Sea Stories – Changing Lives, Saving Lives

Over the past few years there have been several great stories of young people participating in sail training programs and ending up in a real adventures saving lives at sea. A few come to mind:

Sea Scout vessel Argus rescuing a scuba diver left behind

St. George’s School’s Geronimo rescuing a Polish sailor that had fallen off an ocean bound freighter

Sea Education Association’s rescue of some Haitian refugees.

Last week, a group of students from the Riviera Beach Maritime Academy were participating in a educational sailing adventure aboard the three master schooner Denis Sullivan when one of them spotted a flare on the horizon. It turned out to be  from three fisherman in dire need of help.  Riviera students on educational voyage help rescue imperiled boaters (Check out all of the comments) and Youth, school reap rewards for rescue.

In the January issue of Soundings Trade Only, Beth Rosenberg wrote a great article about the Riviera Beach Maritime Academy. At this charter school, nuts plus bolts equals jobs. This is a great program that demonstrates a valuable partnership between the maritime industry and traditional high school education. It helps fill a niche that benefits employers and the youth involved.

For young people, going to sea under sail is truly a life changing experience. The risk of the adventure can be directly correlated to the impact that it will have on the participant’s lives long into the future. Saving human lives in peril is a time honored responsibility and obligation of going to sea and the Riviera Beach Maritime Academy students will never forget their brief experience aboard the Denis Sullivan.

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Nonprofits Using New Media Tools – The Center for Wooden Boats, Seattle, WA

As a strategy and communications consultant I am always interested in learning how organizations use new media tools to engage stakeholders. Many of these tools are free and so easy to use that nonprofits can spread their messages more effectively than ever.

A couple weeks ago I wrote about the groundbreaking for the Lake Union Park project in Seattle. (Seattle – A Maritime City)  One of the key players in that initiative,The Center for Wooden Boats, set up a separate website using blogging software to inform the community of The Master Plan for Exhibits and Interpretation at Lake Union Park. Here you can find lots of useful information including several videos introduced by founding director Dick Wagner and narrated by CWB executive director Betsy Davis.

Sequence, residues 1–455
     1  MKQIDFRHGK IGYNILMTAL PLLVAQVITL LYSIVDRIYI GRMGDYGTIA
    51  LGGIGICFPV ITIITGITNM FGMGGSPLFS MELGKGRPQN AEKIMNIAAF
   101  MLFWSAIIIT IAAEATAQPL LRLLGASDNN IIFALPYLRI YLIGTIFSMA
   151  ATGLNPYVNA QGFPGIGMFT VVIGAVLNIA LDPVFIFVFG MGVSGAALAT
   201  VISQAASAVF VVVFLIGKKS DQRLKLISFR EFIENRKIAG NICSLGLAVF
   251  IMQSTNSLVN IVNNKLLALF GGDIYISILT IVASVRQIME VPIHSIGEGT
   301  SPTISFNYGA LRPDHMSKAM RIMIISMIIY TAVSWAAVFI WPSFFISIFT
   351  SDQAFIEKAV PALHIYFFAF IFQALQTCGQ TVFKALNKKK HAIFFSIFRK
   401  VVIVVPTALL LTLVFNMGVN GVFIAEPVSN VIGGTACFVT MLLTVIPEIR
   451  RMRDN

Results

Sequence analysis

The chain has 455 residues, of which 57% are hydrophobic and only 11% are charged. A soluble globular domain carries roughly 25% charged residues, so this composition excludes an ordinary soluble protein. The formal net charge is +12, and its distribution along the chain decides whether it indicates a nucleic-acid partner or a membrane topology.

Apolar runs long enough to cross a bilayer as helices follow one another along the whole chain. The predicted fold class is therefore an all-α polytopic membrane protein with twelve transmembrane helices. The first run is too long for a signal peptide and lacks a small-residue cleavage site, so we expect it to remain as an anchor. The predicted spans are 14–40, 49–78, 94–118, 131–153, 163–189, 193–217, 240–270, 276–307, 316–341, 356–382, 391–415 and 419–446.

I was surprised that a high profile community project like this did not generate any comments on any of the blog entries but maybe that’s because CWB has done such a good job of informing and including the community in the process. The YouTube videos which were pretty well put together have also not been watched as many times as I would have thought.

In any case, the Center for Wooden Boats use of these new media tools demonstrates their commitment to giving their stakeholders access to information on the organization’s important strategic initiatives. That’s always a good practice.

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Maritime Heritage Tourism Events and Public Safety Costs

The Providence Journal reported earlier this week that the Tall Ships event that will be visiting Rhode Island may not receive any support from the state. (Tall Ships event may set sail in July without state money by Lynn Arditi) It seems that the legislature rejected part of the governor’s budget that would have covered public safety and emergency management expenses.

None of this is very surprising but it is pretty sad. As things go its probably as much about Rhode Island politics as anything else and in the end it will probably all work itself out. However, organizing events like this is incredibly stressful and risky and those who work hard in bringing a valuable, contributing enterprise to the state deserve better.

First of all, the TALL SHIPS CHALLENGE will draw hundreds of thousands of visitors from outside the state to experience the spectacle first hand. Each of these visitors will spend significant funds in Newport and throughout the rest of the state. It is safe to say that much of this incremental revenue and the attendant taxes would not be earned without the visit of the tall ships. Continue reading Maritime Heritage Tourism Events and Public Safety Costs